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Note: For descriptions of classes each term, see the LSA Course Guide
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Courses in LSA Complex Systems
Complex Systems (CMPLXSYS)
CMPLXSYS 250 / ENVIRON 250 / PUBPOL 250. Social Systems, Energy, and Public Policy
(3). (QR/1). May not be repeated for credit.

This course introduces global energy problems from the perspectives of how energytechnologies shape and are shaped by choices people make as individuals, as members of groups, and as members of society at large. We will examine the present and historical cultural, economic, and political contexts out of which today's energy choices and public policies emerged and how these choices and policies are constrained by fundamental scientific principles.

CMPLXSYS 260 / SOC 260. Tipping Points, Bandwagons and Cascades: From Individual Behavior to Social Dynamics
(3). May not be repeated for credit.

In this class, we examine how interdependent behaviors of individuals can lead to some surprising and unexpected social outcomes. We will explore both theoretical models and empirical applications of social dynamics, including sexual networks and marriage markets, the formation and transformation of neighborhoods, the success or failure of social movements, and the diffusion of innovation.

CMPLXSYS 270. Agent-Based Modeling
(3). May not be repeated for credit. Only 2 credits earned by students enrolled in or having completed CMPLXSYS 200.

Many systems can be modeled as being composed of agents interacting with one another and their environment. Very simple rules governing agent behavior can lead to complex and emergent phenomena. In this course students will use NetLogo to examine well-studied agent based models of complex systems in the social and biological sciences, as well as formulate models of their own.

CMPLXSYS 391 / POLSCI 391. Introduction to Modeling Political Processes
One course in Political Science. (4). (SS). (QR/1). May not be repeated for credit.

An introduction to constructing, manipulating, and evaluating logical and mathematical models of social and political processes. Topics to be considered may include rational choice, game theory, learning processes and exchange processes.

CMPLXSYS 399. Independent Study-Directed Readings
Consent of instructor required. (1 - 3; 2 in the half-term). May be repeated for a maximum of 6 credits. May be elected more than once in the same term.

Directed readings or research in consultation with a member of the faculty of the Center for the Study of Complex Systems.

CMPLXSYS 425. Evolution in Silico
MATH 115; Comfort with Probability/Statistics; and Proficiency with Programming (e.g., CMPLXSYS 270 or MATH 463/BIOPHYS 463 or CMPLXSYS 391 or CMPLXSYS 530, etc.). (3). May not be repeated for credit.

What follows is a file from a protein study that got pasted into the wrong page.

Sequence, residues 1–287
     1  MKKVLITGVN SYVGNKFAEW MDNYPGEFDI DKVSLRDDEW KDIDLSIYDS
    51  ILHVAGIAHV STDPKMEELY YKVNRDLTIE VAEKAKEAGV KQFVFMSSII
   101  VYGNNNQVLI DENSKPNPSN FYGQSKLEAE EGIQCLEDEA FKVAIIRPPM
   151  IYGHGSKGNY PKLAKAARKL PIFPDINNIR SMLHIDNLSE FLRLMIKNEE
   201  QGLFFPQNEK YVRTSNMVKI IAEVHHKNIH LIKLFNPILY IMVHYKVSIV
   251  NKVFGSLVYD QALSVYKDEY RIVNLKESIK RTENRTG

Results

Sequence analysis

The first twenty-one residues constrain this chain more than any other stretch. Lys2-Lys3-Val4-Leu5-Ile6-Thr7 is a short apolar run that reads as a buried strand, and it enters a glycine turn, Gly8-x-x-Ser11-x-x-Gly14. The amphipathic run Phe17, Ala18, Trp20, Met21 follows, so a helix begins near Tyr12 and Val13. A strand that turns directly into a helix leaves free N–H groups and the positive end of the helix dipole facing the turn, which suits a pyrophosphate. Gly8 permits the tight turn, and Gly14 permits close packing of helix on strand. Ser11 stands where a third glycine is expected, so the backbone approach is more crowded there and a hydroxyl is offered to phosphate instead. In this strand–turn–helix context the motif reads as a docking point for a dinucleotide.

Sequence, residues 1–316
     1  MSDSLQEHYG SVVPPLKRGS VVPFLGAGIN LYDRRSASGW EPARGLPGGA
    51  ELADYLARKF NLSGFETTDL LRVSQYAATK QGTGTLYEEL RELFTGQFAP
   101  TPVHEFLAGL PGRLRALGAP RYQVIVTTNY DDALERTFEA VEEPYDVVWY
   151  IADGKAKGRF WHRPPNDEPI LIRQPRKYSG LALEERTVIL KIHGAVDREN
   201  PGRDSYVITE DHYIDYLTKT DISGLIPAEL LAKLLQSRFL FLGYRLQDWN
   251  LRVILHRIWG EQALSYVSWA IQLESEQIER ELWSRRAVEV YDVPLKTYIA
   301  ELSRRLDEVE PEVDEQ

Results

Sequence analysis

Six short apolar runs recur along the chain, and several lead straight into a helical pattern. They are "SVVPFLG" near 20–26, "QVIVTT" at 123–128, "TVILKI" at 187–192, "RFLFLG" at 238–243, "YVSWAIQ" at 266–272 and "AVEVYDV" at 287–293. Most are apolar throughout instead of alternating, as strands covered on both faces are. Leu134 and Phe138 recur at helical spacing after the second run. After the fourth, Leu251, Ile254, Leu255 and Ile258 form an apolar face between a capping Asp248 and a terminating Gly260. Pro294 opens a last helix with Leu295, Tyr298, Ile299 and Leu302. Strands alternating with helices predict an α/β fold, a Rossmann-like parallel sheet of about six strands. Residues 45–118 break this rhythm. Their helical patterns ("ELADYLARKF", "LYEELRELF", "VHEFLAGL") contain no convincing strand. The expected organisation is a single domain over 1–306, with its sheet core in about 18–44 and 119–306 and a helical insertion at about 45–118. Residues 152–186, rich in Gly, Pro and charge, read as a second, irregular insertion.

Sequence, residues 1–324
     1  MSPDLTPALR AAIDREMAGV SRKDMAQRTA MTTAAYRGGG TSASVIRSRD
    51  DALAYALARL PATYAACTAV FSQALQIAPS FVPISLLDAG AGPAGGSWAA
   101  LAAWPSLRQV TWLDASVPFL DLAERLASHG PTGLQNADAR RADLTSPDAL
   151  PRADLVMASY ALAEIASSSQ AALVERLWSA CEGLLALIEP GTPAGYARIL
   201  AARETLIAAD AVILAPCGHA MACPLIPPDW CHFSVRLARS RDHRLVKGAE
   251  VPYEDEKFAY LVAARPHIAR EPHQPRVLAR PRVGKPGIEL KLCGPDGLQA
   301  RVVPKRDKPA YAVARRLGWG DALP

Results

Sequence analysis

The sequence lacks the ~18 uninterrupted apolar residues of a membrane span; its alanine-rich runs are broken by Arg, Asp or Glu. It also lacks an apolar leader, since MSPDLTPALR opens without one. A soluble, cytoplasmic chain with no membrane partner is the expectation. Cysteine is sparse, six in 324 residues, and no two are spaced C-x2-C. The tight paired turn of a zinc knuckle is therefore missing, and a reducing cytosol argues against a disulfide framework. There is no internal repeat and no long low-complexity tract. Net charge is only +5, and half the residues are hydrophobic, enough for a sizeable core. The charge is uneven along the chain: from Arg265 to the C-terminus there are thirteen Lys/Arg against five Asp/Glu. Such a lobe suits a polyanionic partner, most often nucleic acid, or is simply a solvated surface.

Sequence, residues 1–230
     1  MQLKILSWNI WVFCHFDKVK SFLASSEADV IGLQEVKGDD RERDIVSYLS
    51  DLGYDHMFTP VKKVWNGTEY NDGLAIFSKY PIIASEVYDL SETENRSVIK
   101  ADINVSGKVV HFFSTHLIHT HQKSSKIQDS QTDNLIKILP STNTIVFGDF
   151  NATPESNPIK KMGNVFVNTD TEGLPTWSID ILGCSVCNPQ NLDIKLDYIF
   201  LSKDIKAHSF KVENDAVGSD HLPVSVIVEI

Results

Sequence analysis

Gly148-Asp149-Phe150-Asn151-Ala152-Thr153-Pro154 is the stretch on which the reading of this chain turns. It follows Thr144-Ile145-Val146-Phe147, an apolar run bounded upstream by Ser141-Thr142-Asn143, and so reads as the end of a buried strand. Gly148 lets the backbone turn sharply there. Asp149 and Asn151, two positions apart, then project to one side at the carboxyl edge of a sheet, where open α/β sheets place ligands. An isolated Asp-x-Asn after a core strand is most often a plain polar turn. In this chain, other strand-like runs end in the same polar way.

While every population of living organisms is evolving, not everything that evolves is alive. Nature's success at finding innovative solutions to complex problems has inspired many computational implementations of the evolutionary process. Some of the various implementations we will learn about with hands-on exercises include approaches for solving optimization problems, building controllers and/or bodies for robots, and using computational instances of Darwinian evolution to study fundamental questions in biology.

CMPLXSYS 430 / EEB 430. Modeling Infectious Diseases
Consent of instructor required. MATH 115 or 120. (3). (BS). (QR/2). May not be repeated for credit. Rackham credit requires additional work.

Understanding the spread, evolution and control of infectious diseases requires integrating processes that occur at many scales: infection and pathogenesis within a host, transmission among hosts and long-term evolutionary forces. Mathematical and computational models provide a unique perspective for understanding disease dynamics at these scales individually, but also within an integrated framework. By combining lectures and computer labs, we formulate and analyze various models relating to infectious disease biology, with particular attention to their management control.

CMPLXSYS 489. Advanced Topics in Complex Systems
Advanced standing. Technical prerequisites vary with topic. (3). May be elected three times for credit. Rackham credit requires additional work.

This course covers a broad range of advanced topics relevant to the study of complex systems. Topics include evolutionary systems, self-organizing criticality, measures of complexity, collective intelligence, approaches to modeling complex adaptive systems and emergence.

CMPLXSYS 511. Theory of Complex Systems
(3). (BS). May not be repeated for credit.

This course is a math-based introduction to the theory and analysis of complex systems. Methods covered will include nonlinear dynamics, both discrete and continuous, chaos theory, stochastic processes, game theory, criticality and fractals, and numerical methods. Examples studies will include population dynamics, evolutionary theory, genetic algorithms, epidemiology, simple models of markets, opinion formation models, and cellular automata.

CMPLXSYS 541 / PHYSICS 413. Introduction to Nonlinear Dynamics and the Physics of Complexity
PHYSICS 401 or Graduate Standing. (Prerequisites enforced at registration.) An intermediate mechanics course (such as PHYSICS 401) and/or a course in introductory differential equations. (3). (BS). May not be repeated for credit. F.

An introduction to nonlinear science with an elementary treatment from the point of view of the physics of chaos and fractal growth.

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